According to Tej Anand, PhD, MS, professor at the McCombs School of Business, University of Texas at Austin, sickness level in the United States is declining but that doesn’t mean healthcare costs are as well. He referred to a study in the Journal of the American Medical Association which attributes some of the rise in healthcare costs to an increase in population and a higher percentage of an aging population.

Anand noted that half of the increase in the cost of care, however, comes from price and service intensity. He added that this means some of the following choices are being made:

  • Using the incorrect place of service
  • Using the most expensive medications whether they’re needed or not
  • Getting services from the highest cost licensure clinician rather than one that is more appropriate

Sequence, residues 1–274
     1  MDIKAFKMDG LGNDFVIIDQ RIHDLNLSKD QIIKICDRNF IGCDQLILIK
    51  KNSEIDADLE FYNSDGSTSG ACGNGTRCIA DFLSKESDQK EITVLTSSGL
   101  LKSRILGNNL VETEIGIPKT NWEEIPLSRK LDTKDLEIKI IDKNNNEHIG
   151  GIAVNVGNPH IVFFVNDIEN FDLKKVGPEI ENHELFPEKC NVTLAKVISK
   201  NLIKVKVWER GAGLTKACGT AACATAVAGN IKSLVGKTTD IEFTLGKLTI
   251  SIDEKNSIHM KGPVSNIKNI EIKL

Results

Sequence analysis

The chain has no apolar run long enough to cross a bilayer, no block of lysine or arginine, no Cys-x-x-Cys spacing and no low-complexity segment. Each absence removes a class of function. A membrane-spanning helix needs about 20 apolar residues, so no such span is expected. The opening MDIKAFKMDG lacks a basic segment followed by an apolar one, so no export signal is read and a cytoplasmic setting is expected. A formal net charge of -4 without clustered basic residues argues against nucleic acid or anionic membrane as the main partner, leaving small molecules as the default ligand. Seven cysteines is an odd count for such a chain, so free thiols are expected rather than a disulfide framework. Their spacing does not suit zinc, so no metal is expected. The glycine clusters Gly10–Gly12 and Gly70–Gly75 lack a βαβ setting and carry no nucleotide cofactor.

• Using the most expensive medical devices

“These are the factors that drive the cost, and our incentive is to take sick people and make them better. We would do a lot better if we focused our incentives and our priority on keeping people healthy,” Anand said.

Betty Jo Rocchio, DNP, MS, RN, CRNA, CENP, senior vice president and chief nursing informatics officer at Mercy, agreed that the complexity of the healthcare system is getting in the way.

“It’s because the patient is struggling to navigate the complexities that we set up to be able to manage ourselves,” Rocchio said.

She added that the nurses are the ones responsible for keeping people healthy, but they are not always set up to intervene on the preventative side.